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Donovan v. Powell

United States District Court, District of Columbia

January 8, 2016

EARL A. POWELL, III, Defendant.



Plaintiff Denis Brendan Donovan brings this action against Defendant Earl A. Powell, III, in his official capacity as Director of the National Gallery of Art (“NGA”), asserting claims that the NGA discriminated against him in violation of the Rehabilitation Act, 29 U.S.C. §§ 701, et seq. Currently before the Court is Defendant’s [28] Motion for Summary Judgment. As of the date of this Memorandum Opinion, Plaintiff, who is represented by counsel, has not filed a response to Defendant’s motion or sought an extension of time in which to do so.[1] As such, the Court shall deem the facts presented by Defendant in support of its motion for summary judgment as admitted for the purposes of this analysis. LCvR 7(h)(1) (“In determining a motion for summary judgment, the Court may assume that facts identified by the moving party in its statement of material facts are admitted, unless such a fact is controverted in the statement of genuine issues filed in opposition to the motion.”); see also Fed. R. Civ. Pro. 56(e)(2) (“If a party . . . fails to properly address another party’s assertion of fact as required by Rule 56(c), the court may . . . consider the fact undisputed for purposes of the motion.”). Upon consideration of the pleadings, [2]the relevant legal authorities, and the record as a whole, the Court GRANTS Defendant’s [28] Motion for Summary Judgment. Accordingly, the Court shall enter JUDGMENT for Defendant on all of Plaintiff’s remaining claims.


A. Procedural History

On April 29, 2014, Plaintiff filed suit against Defendant in this Court asserting four claims for relief under the Rehabilitation Act: (1) he was subject to disparate treatment in violation of 29 C.F.R. § 1630.4 (“Count I”); (2) he was subject to disparate treatment in violation of 29 C.F.R. § 1630.7 (“Count II”); (3) the NGA failed to reasonably accommodate him in violation of 29 C.F.R. § 1630.12 (“Count III”); and (4) he was subject to retaliation and coercion in violation of 29 C.F.R. § 1630.12 (“Count IV”). In response to the Complaint, Defendant filed its [9] Motion to Dismiss in Part, contending that Counts II and III of the Complaint should be dismissed in their entirety based on Plaintiff’s failure to state a claim, and Counts I and IV should be dismissed to the extent that they are based on time-barred acts. Plaintiff filed no response to Defendant’s Motion to Dismiss in Part. The Court issued an Order and accompanying Memorandum Opinion granting Defendant’s Motion to Dismiss in Part both on the grounds that the motion was conceded and on the merits. See Order (Oct. 2, 2014), ECF No. [11]; Mem. Op. (Oct. 2, 2014), ECF No. [12]. Pursuant to the Court’s Order, Plaintiff’s claims for relief under Counts I and IV as related to his 2004 request for reasonable accommodation and his 2006 discipline and suspension were dismissed. As such, the only remaining claims before the Court are Counts I (disparate treatment) and IV (retaliation and coercion) to the extent that Plaintiff seeks relief for his January 2013 termination and the incidents that occurred in December 2012. Specifically, Plaintiff alleges in his Complaint that he was treated differently than other NGA employees who were similarly situated because of his epilepsy, and that there was a causal connection between the termination of Plaintiff’s employment on January 23, 2013, and the protected activity that he engaged in on December 19, 2012. Defendant now seeks an award of summary judgment in Defendant’s favor with respect to both of Plaintiff’s remaining claims.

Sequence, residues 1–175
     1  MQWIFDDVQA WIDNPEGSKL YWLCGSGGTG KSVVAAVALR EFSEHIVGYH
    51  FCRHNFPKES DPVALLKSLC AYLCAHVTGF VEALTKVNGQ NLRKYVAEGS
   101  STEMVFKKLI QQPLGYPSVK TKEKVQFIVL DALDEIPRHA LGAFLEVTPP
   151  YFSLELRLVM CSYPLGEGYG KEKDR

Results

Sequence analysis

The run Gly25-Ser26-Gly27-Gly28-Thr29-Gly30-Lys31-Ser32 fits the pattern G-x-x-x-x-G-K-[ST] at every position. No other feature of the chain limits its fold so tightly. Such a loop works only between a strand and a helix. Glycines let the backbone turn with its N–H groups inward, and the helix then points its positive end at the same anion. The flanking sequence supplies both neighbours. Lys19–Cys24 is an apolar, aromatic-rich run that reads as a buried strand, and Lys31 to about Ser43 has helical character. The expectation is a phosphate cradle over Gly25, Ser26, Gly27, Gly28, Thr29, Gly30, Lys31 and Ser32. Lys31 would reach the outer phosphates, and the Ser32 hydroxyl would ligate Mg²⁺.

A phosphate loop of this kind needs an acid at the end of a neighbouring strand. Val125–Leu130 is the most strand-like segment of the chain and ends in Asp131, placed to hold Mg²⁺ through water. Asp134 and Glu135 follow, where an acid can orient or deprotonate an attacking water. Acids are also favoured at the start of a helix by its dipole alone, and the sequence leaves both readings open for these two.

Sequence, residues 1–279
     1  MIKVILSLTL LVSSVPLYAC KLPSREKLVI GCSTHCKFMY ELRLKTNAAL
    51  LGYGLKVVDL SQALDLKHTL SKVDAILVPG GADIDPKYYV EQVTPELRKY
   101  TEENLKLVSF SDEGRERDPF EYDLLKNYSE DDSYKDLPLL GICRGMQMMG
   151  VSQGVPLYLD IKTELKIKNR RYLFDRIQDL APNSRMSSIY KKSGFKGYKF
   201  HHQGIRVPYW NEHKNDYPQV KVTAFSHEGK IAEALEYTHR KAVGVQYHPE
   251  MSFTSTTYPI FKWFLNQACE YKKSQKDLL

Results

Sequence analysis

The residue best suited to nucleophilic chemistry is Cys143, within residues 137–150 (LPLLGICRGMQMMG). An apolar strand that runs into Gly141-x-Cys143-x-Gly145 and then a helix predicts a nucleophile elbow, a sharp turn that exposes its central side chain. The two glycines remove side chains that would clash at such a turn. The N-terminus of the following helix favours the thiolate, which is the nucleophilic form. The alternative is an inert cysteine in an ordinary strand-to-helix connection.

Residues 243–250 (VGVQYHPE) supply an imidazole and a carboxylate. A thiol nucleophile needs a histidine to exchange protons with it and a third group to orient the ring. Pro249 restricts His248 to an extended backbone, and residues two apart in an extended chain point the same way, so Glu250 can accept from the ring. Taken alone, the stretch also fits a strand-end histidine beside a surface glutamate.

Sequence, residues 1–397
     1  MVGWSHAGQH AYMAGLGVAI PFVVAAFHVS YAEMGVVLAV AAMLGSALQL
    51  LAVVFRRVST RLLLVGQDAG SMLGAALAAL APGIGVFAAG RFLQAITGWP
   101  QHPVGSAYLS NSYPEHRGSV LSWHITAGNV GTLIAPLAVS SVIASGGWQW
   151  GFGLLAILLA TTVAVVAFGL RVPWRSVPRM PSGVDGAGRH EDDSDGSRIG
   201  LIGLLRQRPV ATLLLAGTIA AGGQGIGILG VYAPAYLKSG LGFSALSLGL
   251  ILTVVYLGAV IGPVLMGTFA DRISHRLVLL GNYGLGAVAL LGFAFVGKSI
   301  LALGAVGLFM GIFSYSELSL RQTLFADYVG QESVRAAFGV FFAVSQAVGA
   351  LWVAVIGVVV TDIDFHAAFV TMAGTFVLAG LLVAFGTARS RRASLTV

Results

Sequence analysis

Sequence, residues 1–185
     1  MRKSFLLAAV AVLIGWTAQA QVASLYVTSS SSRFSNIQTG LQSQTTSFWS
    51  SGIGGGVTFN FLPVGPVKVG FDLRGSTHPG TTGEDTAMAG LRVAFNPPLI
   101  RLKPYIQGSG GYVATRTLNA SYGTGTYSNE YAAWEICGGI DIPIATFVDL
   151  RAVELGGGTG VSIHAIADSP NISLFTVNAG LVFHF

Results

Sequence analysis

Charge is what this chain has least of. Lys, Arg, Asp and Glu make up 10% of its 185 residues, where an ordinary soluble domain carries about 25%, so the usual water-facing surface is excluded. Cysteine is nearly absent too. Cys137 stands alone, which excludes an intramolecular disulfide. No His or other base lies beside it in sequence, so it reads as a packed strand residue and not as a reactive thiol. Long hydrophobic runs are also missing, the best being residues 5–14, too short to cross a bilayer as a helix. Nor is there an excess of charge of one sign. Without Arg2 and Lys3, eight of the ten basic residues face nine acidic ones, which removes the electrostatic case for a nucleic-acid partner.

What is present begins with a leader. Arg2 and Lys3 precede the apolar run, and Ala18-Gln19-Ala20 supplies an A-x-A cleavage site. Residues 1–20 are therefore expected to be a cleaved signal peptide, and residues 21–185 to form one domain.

B. Undisputed Material Facts

In 2012, Plaintiff Denis Donovan was employed as a Sales Store Checker in the gift shop at the National Gallery of Art (“NGA”). Def.’s Stmt. ¶ 1. On Tuesday, December 4, 2012, a member of the public (“the caller”) left a voice message with the NGA requesting that a manager call her back in response to a complaint about an inappropriate comment that was made to the caller’s 15-year-old daughter by a cashier while her daughter was at the NGA’s gift shop on the previous day. Id. ¶¶ 2-3. Karen Boyd, Deputy Division Chief/Operations Manager for the Gallery Shops returned the telephone call. Id. ¶ 4. The caller told Ms. Boyd that her daughter handed the cashier a folded bill to purchase an item and the cashier told the girl to unfold the money. Id. ¶ 5. When the daughter unfolded the money and handed it back to the cashier, the cashier responded, “that’s how you give money to a stripper.” Id. The caller provided Ms. Boyd with the information on the sale receipt, including the employee name and employee number, which identified Plaintiff as the cashier. Id. ¶ 6. The caller also provided a physical description of the cashier - a bald male of medium height - to Ms. Boyd. Id. ¶ 7. The physical description matched Plaintiff. Id.